Other proposed amendments to the constitution affect article V on organization, specifically:

(a) page 124: on the assembly's function in determining the overall policies of the WCC (consisting in the insertion of a single word in Article V.1.c)3), and (b) page 125: on the central committee's function regarding:
  • the method of election the collegial presidency of the WCC (V.2.c), para. 1), which it is proposed would no longer be done by the assembly itself, but by the central committee (it is important to note that this amendment would entail minor changes to paras. 1.c and 2.b of article V)
  • the method of electing WCC commissions (V.2.c)4), which now becomes one of the prerogatives of the central committee
  • responsibility for WCC programmes and activities (V.2.c)5) within the policies adopted by the assembly.
2. Amendments to the WCC rules proposed by the central committee

In parallel to the proposed amendments to the constitution, the central committee is submitting to this assembly a certain number of proposed changes to the WCC rules, to make these compatible with the new provisions of the constitution (if adopted). It would be appropriate to emphasise that these amendments also reflect the provisions already made by the central committee to ensure that the main directions advocated by the document "Towards a Common Understanding and Vision of the WCC" (CUV) are clearly reflected in the WCC's working structures.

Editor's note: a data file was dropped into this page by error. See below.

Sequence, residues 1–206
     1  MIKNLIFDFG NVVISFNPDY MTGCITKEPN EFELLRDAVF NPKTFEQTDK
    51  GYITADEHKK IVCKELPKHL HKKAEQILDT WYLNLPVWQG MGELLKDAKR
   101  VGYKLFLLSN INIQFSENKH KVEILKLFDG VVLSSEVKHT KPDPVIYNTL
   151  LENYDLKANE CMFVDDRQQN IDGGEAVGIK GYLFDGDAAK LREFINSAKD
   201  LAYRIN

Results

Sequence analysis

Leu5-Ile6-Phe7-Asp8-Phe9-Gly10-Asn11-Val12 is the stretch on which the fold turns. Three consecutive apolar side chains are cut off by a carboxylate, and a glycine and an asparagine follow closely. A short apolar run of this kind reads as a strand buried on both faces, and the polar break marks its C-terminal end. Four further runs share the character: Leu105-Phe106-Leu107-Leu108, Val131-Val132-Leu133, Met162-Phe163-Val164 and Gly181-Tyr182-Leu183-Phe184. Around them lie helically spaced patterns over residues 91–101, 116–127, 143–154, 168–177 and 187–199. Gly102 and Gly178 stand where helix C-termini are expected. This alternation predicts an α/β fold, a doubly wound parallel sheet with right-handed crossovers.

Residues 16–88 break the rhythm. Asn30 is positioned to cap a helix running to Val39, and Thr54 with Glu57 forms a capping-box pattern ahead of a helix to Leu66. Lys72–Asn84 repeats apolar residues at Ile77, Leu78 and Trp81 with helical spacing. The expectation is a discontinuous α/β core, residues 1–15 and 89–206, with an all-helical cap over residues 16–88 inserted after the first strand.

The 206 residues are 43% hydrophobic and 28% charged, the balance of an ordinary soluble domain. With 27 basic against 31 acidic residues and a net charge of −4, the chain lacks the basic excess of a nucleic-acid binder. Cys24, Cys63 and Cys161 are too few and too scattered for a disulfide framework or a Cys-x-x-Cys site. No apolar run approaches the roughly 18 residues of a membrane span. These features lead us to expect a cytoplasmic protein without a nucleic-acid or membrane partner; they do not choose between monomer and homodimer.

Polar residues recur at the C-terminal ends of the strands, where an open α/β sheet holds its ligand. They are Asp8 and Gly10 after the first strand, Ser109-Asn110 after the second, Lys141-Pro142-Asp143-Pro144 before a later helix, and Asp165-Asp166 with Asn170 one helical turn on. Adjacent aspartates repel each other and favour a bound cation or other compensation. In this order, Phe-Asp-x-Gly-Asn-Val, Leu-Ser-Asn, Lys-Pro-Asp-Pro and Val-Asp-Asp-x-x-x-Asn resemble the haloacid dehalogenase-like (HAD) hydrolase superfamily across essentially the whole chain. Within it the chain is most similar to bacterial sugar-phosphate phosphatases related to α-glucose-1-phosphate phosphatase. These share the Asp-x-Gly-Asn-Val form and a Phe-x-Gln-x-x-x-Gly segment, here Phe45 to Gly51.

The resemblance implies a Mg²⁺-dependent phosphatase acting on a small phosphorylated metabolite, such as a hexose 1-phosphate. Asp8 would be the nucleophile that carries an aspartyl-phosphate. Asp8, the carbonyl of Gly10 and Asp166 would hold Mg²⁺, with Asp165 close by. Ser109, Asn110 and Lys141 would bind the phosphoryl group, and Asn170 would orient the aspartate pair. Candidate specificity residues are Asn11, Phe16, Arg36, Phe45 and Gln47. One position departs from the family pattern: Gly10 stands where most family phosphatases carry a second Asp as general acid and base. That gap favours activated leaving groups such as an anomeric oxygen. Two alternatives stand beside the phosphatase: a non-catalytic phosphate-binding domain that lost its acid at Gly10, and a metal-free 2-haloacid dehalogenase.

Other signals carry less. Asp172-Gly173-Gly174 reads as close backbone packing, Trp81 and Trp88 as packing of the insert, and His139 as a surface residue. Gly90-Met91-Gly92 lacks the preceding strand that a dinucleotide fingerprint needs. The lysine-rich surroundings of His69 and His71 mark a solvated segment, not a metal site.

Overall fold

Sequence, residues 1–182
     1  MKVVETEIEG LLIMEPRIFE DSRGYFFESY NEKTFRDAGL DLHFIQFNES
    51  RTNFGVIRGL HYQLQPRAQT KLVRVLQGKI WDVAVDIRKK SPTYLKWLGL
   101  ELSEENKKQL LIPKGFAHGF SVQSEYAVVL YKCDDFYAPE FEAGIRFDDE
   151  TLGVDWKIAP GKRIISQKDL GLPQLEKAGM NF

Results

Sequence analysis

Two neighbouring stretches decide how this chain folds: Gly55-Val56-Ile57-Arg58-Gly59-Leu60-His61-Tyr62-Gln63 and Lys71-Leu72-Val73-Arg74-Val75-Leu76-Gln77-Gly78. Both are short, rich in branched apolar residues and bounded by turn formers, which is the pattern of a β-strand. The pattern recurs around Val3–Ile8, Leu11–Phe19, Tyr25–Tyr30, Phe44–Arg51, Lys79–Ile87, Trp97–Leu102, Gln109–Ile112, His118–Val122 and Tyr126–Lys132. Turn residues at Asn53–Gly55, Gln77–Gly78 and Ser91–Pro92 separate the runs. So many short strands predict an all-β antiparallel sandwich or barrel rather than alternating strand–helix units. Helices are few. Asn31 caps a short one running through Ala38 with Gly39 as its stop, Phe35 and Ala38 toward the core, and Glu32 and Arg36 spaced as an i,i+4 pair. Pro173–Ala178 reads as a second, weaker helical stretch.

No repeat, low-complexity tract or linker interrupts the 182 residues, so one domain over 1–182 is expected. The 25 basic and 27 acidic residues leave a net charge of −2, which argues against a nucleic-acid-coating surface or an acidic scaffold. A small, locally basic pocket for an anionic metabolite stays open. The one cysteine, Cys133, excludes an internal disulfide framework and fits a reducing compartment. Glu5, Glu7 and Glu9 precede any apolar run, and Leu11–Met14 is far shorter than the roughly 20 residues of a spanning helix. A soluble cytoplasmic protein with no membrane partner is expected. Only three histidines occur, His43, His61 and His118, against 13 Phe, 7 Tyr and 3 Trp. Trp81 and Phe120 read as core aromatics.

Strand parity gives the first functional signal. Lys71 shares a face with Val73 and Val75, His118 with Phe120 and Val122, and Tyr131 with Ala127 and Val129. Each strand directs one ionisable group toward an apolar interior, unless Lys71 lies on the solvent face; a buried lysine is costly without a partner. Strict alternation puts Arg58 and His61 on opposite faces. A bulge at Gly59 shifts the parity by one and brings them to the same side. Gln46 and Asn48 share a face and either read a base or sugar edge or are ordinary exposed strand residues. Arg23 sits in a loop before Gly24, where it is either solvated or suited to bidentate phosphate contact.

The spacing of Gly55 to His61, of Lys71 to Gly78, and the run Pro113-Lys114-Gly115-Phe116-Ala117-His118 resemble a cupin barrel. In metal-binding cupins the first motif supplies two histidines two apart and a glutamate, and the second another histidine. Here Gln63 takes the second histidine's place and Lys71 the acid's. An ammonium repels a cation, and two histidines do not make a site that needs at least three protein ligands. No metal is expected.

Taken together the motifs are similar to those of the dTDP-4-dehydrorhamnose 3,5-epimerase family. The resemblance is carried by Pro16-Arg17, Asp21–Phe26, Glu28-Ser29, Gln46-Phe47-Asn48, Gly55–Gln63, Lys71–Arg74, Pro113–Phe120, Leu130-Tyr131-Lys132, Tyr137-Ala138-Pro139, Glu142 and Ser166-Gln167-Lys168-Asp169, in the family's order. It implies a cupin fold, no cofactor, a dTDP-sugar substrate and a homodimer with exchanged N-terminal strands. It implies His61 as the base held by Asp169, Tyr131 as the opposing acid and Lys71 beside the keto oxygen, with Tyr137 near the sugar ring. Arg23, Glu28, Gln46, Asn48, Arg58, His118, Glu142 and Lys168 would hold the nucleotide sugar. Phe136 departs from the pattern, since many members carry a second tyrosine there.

These proposed amendments are also to be found in the Assembly Workbook, printed in italics. To be precise:

  • on pages 129-130 we have proposed changes to the criteria for membership of the Council and for associate membership, and for the financial obligations of member churches to the WCC.
  • page 137: on the role of the central committee's appointed Nominating Committee in electing the presidents;
  • page 138: on the function of the central committee in electing the Programme Committee;
  • also on page 138: on determining priorities and policies for the WCC.
3. Procedure to be followed

In conclusion, I would like to inform you that all member churches have been duly informed of these proposed amendments, in accordance with the rules, and to note that the general secretariat has not received any reaction from the churches to either the content or the nature of these proposed amendments within the time frame specified by the WCC constitution, namely six months prior to the date of the assembly.

The assembly participants are now cordially invited to comment on the proposed amendments, in so far as they wish to do so. Your comments and suggestions will be submitted to the Policy Reference Committee I of the assembly, which will have the task of working out the final text to be submitted to you later for your approval.

Go to Implications of the Policy Statement:
Broader Proposals for Institutional Change, by Marion Best